The cutting window may be formed at a forwardmost end of the cutting edge enclosure and shaped as a generally longitudinal opening having a width sufficient to accommodate the thickness of the fiber-like material such as hair or the like to be severed, but not so large as to allow entry of an underlying support surface from which the material to be severed projects, such as skin, clothing, matting, etc. In addition, the cutting window may be configured as an interrupted surface and/or may include or have an adjacent mesh, screen, grid or the like. Such a structure serves to inhibit the entry of undesirable material or foreign matter into the housing cavity, and also confines and orients the material being cut in a direction that is generally transverse to the laser beam.

The beam-directing optics are arranged so that the cutting path of the laser beam is substantially aligned with and parallel to the longitudinal direction of the cutting window. This geometry serves two important purposes. On the one hand, maintaining the laser beam parallel to the cutting window is an important safety feature, as it prevents the laser beam from exiting the cutting edge enclosure. This makes the closed laser cutting device of the invention non-invasive. Were the laser beam to exit the cutting window, the user or even another individual might undesirably be subjected to the potential danger of having the laser beam incident upon a portion of the body other than the hair being cut.

In addition, directing the laser beam adjacent and parallel to the entire length of the cutting window ensures that regardless of where it is inserted through the cutting window the material to be cut will always be intercepted by the laser beam. The cutting path may be established by one or more beams from one or multiple energy beam sources (lasers) and may be stationary or scanned.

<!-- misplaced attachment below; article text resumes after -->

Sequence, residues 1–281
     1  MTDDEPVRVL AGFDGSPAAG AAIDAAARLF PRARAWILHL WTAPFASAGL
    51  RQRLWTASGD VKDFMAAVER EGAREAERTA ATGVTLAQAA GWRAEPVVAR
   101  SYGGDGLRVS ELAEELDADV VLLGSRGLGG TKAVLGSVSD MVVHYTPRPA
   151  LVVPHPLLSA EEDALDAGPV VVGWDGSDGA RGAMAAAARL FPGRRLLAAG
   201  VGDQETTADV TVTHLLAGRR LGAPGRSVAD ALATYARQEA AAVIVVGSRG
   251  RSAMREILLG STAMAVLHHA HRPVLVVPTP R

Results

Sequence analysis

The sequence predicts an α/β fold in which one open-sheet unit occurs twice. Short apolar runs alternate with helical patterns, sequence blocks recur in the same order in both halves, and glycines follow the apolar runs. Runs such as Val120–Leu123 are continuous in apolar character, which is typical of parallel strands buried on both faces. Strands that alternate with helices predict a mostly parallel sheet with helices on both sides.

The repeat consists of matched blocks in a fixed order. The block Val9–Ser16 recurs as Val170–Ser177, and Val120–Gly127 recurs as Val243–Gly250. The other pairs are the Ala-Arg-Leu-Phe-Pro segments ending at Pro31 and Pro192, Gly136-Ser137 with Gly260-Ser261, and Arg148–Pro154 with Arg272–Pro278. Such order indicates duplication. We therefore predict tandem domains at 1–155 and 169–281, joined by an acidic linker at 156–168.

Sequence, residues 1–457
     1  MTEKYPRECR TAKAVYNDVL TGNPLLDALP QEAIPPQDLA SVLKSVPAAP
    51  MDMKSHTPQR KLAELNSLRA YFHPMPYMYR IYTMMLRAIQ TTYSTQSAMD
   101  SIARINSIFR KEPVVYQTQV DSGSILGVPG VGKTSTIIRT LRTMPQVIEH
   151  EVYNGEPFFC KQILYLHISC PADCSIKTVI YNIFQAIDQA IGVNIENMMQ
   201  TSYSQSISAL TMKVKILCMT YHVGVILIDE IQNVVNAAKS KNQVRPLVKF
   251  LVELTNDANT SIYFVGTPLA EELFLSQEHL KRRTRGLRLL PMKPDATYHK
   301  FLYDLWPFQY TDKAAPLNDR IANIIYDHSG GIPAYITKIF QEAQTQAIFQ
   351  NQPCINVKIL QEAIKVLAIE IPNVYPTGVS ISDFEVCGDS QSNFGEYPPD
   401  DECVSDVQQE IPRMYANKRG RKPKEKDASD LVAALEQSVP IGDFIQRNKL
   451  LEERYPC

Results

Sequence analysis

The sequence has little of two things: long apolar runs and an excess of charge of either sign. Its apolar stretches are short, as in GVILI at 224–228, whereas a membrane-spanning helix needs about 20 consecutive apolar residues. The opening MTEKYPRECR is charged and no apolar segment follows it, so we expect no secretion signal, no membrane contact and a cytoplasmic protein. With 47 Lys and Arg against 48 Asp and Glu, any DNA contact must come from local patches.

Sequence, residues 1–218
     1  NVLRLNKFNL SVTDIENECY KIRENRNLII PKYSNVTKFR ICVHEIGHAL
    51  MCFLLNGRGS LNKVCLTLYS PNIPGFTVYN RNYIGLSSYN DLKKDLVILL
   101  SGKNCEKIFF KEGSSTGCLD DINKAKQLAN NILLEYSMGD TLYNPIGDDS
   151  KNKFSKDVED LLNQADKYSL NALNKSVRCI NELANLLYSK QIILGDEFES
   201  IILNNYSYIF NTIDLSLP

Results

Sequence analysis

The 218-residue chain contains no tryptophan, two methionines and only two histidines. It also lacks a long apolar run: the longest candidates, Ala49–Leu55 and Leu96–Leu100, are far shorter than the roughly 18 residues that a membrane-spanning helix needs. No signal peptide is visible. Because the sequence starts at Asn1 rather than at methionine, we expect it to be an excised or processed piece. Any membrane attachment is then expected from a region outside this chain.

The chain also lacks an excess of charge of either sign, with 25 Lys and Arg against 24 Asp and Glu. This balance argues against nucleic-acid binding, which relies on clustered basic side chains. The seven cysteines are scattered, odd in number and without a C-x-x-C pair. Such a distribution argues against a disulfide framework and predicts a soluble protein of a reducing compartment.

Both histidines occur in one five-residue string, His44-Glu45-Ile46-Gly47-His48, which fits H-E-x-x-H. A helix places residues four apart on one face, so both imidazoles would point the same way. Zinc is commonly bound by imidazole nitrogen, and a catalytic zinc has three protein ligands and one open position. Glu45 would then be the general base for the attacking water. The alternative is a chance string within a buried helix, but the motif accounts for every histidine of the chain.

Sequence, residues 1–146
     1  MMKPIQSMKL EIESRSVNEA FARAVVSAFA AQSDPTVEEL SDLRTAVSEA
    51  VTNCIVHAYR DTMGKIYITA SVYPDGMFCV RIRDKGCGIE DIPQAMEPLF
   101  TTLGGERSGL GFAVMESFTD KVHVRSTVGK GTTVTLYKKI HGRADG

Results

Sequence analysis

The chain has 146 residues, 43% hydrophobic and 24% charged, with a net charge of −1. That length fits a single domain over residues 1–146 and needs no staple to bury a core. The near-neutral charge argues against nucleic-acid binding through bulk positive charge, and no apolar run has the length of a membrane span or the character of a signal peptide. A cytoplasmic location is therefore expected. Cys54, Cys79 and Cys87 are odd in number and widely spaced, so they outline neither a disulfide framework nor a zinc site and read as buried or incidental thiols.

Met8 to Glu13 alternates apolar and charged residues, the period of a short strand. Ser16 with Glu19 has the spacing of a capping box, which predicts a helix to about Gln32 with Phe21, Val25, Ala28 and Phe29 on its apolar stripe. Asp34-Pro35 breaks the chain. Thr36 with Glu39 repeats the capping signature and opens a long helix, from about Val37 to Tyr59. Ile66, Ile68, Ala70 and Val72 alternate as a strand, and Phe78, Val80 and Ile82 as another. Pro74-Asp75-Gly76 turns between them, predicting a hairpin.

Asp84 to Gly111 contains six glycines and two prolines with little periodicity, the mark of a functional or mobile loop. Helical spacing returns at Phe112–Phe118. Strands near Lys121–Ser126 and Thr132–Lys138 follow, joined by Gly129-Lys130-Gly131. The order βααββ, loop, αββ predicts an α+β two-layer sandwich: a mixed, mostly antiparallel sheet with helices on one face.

BRIEF DESCRIPTION OF THE DRAWINGS

FIG. 1 is a diagrammatic end view of a first embodiment of an non-invasive laser beam-based cutting device in accordance with the present invention;

FIG. 2 is a diagrammatic side view of the non-invasive laser beam-based cutting device of FIG. 1;

FIG. 3 is a diagrammatic interior plan view of the non-invasive laser beam-based cutting device of FIG. 1; and

FIG. 4 is a diagrammatic interior plan view of a second embodiment of an non-invasive laser beam-based cutting device in accordance with the present invention.

DETAILED DESCRIPTION

Attention is now directed to the respective end, side and internal plan views of FIGS. 1-3, which diagrammatically illustrate an embodiment of an non-invasive energy beam-based cutting device in accordance with the present invention. As shown therein the energy beam-based cutting device comprises a generally rectangular-shaped housing 10, to a portion of which, such as a forward open end 11, a cutting edge enclosure 20 is attached. To facilitate comfortable engagement with the skin of a user cutting edge enclosure is preferably of a generally convex or rounded shape.

The housing 10 and the cutting edge enclosure 20 are preferably made of a sturdy material, such as aluminum, stainless steel, ruggedized plastic and the like, and are joined together, as by way of hardware fasteners, to form an integrated unit. To facilitate use, the integrated cutting device is preferably sized and configured, so that it may be readily hand-held.